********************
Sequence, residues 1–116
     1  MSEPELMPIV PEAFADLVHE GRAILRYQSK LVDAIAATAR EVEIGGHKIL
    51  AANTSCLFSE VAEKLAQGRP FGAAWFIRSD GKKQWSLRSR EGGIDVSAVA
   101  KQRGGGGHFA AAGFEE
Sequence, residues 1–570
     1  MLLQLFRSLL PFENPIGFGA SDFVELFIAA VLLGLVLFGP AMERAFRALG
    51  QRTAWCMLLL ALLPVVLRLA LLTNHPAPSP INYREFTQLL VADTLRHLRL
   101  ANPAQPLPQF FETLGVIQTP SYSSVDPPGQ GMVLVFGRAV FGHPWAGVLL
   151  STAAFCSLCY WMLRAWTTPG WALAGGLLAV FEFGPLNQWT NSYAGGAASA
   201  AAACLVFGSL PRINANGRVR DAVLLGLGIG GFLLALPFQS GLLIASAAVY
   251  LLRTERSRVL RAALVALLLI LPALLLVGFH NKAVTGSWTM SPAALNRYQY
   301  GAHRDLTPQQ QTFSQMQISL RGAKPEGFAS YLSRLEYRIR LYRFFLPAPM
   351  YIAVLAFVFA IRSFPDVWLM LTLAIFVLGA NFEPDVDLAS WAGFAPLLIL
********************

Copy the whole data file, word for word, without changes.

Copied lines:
Sequence, residues 1–116
     1  MSEPELMPIV PEAFADLVHE GRAILRYQSK LVDAIAATAR EVEIGGHKIL
    51  AANTSCLFSE VAEKLAQGRP FGAAWFIRSD GKKQWSLRSR EGGIDVSAVA
   101  KQRGGGGHFA AAGFEE
Sequence, residues 1–570
     1  MLLQLFRSLL PFENPIGFGA SDFVELFIAA VLLGLVLFGP AMERAFRALG
    51  QRTAWCMLLL ALLPVVLRLA LLTNHPAPSP INYREFTQLL VADTLRHLRL
   101  ANPAQPLPQF FETLGVIQTP SYSSVDPPGQ GMVLVFGRAV FGHPWAGVLL
   151  STAAFCSLCY WMLRAWTTPG WALAGGLLAV FEFGPLNQWT NSYAGGAASA
   201  AAACLVFGSL PRINANGRVR DAVLLGLGIG GFLLALPFQS GLLIASAAVY
   251  LLRTERSRVL RAALVALLLI LPALLLVGFH NKAVTGSWTM SPAALNRYQY
   301  GAHRDLTPQQ QTFSQMQISL RGAKPEGFAS YLSRLEYRIR LYRFFLPAPM
   351  YIAVLAFVFA IRSFPDVWLM LTLAIFVLGA NFEPDVDLAS WAGFAPLLIL